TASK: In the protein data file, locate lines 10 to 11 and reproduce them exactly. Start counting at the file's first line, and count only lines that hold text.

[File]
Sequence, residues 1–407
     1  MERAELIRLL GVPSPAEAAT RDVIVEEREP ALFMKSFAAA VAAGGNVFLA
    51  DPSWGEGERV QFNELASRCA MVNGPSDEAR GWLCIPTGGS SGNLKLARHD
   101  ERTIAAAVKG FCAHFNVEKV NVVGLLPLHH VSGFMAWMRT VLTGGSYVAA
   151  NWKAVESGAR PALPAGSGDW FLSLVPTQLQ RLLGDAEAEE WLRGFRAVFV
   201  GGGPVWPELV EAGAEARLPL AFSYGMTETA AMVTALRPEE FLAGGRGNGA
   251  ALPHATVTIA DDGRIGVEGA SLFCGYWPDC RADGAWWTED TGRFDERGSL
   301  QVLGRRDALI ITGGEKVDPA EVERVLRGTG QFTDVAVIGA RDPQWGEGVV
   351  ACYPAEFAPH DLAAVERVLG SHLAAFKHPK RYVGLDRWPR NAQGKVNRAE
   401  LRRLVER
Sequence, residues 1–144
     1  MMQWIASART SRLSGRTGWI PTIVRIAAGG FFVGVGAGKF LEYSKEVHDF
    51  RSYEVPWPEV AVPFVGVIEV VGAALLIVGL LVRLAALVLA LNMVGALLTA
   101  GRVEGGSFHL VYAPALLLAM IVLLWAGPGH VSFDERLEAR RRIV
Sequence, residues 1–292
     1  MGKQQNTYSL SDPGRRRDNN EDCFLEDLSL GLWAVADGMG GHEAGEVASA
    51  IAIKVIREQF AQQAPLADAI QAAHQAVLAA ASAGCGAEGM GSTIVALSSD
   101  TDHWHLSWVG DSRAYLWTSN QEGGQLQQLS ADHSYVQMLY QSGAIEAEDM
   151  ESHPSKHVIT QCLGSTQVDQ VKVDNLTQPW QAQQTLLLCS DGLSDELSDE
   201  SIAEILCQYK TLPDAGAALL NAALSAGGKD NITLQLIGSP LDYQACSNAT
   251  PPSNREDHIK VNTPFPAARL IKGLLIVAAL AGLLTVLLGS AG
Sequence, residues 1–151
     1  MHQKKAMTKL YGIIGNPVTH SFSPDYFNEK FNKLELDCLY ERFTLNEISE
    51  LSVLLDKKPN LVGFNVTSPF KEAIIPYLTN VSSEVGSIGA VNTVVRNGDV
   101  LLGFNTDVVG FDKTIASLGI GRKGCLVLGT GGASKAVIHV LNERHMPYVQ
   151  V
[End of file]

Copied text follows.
   401  LRRLVER
Sequence, residues 1–144